Then, uncomment the following lines (remove the #in front of each line):

plugin_name = "cuckaroo_cuda_29"
device = 0

If you have multiple GPUs you’ll need to copy those four lines for each device and change the device number. You may want to use device numbers in the same PCI Bus ID enumeration order as used by non-CUDA programs like nvidia-smi. To do this set the CUDA_​DEVICE_​ORDER environment variable to PCI_BUS_ID in your shell. The default value of this variable is FASTEST_FIRST. More info on this can be found here. Note that this is available only in CUDA 7 and later.

Setting up grin-miner for GPU Mining (AMD)

In this section, we will edit the grin-miner settings to mine with your AMD GPU.

First go to the CUCKAROO (i.e. GPU-Friendly) MINER PLUGIN CONFIGURATION part and comment the following lines (by adding # in front of each line):

#plugin_name = "cuckaroo_cpu_compat_29"
#nthreads = 1

Then go to the CUCKAROO (i.e. ASIC-Resistent) MINER PLUGIN CONFIGURATION part and uncomment the following lines (remove the #in front of each line):

plugin_name = "ocl_cuckaroo"
platform = 0
device = 0

If you have multiple GPUs you’ll need to copy these 5 lines for each device and change the device number.

Running grin-miner

Ensure that your Grin node and wallet are running, then, from your grin-miner-vx.x.x installation directory:


grin-miner's Test User Interface should appear and display stats for all configured cards.

grin-miner Stats

  • Solutions Found is the number of valid cuckoo solutions you have found. Note that this is not the same as finding a block. Only solutions that pass a further difficulty check, (as tested by the Grin stratum server) can be used to solve a block.

  • Accepted is the number of solutions your miners found that were accepted by the stratum server as valid shares (or contributions to the pool,). Again, this does not correspond to number of solved blocks or mining rewards.

  • Rejected is the number of rejected shares. This should be 0, otherwise there is something wrong with your mining plugin or in server communication.

  • Stale is the number of solutions that were found to late (someone else on the network solved the block before the solution was submit).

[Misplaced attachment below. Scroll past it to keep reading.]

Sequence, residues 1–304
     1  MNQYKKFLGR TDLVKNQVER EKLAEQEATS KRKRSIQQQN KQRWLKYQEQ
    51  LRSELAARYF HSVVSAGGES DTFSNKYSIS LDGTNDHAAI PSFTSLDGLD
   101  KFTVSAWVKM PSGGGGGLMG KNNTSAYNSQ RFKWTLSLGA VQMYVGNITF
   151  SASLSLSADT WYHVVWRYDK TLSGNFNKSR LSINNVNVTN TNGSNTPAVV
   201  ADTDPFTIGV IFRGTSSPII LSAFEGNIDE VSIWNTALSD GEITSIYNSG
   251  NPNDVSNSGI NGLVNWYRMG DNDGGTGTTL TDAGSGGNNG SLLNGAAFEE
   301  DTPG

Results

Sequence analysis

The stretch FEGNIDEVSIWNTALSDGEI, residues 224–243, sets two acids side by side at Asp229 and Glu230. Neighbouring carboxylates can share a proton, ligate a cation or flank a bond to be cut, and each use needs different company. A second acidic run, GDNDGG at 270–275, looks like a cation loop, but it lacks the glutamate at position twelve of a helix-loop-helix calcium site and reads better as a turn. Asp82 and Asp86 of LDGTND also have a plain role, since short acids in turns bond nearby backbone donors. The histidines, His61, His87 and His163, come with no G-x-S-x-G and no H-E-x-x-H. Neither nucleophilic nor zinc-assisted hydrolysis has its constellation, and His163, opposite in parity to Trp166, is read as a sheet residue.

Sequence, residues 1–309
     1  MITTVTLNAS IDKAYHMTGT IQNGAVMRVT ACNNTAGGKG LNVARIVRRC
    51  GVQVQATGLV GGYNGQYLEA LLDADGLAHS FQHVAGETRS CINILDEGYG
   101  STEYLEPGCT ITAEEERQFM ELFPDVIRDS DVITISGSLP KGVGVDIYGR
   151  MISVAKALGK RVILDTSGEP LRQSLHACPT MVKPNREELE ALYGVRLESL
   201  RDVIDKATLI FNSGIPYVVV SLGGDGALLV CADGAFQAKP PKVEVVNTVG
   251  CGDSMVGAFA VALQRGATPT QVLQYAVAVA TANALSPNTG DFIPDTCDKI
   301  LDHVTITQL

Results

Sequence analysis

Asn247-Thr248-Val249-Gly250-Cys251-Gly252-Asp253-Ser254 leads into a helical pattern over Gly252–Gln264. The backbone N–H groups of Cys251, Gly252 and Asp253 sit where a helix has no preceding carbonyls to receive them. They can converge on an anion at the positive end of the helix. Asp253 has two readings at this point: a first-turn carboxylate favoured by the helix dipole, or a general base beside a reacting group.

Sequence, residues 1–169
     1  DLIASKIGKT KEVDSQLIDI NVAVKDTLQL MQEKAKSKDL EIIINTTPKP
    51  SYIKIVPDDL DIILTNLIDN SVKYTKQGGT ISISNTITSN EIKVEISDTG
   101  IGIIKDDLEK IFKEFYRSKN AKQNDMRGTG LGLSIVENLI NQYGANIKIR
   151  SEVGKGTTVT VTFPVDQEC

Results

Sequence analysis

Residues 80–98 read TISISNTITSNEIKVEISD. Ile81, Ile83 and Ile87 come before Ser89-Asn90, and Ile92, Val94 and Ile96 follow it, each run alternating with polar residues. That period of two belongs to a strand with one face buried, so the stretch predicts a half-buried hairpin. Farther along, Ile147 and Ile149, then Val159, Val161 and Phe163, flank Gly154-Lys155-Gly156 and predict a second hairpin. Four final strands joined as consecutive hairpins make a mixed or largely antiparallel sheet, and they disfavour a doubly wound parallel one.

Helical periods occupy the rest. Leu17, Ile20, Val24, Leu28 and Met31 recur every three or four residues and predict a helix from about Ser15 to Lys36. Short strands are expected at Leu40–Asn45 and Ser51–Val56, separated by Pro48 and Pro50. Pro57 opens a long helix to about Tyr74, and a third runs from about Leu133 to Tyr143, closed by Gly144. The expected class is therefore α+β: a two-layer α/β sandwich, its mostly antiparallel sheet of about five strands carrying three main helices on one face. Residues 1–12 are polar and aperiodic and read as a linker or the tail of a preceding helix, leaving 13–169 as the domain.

• Blocks found is the actual number of blocks that you've solved, that is to say valid cuckoo solutions that passed the difficulty check and were also accepted by the network. If you're mining solo (which you are if you're following this guide,) the rewards in your wallet should be 60 Grins for each block solved.

Mining CuckAToo

If you have an 11GB+ GPU. It should be possible to configure your plugins to solve CuckAToo (ASIC-Friendly) blocks at graph size 2^31. As an example:

plugin_name = "cuckatoo_mean_cuda_rtx_31"
device = 0
expand = 2
cpuload = 1

You will need to set expand = 2 to allow the solutions to be performed with the available GPU memory.

Refer to the documentation in grin-miner.toml for further information on how to mine using Cuckatoo31. This Forum Topic discusses chosing between the two PoWs.

cpuload parameter

The cpuload parameter configurable in each CUDA GPU solver reduces the amount of work your CPU has to do during a solve at the expense of solve times.

  • cpuload = 0 (default) will solve more slowly but free up more of your CPU
  • cpuload = 1 will generally solve faster at the expense of CPU load

It's recommended to manually set cpuload = 1 for each CUDA solver, unless your encounter specific slowdown issues with your solve times.

Mining Pools

Once you're comfortable with mining grin, you may want to try a mining pool, of which there are several. Note that the Grin Project doesn't run or endorse any of these pools. Please refer to the individual pool's instructions to set up grin-miner.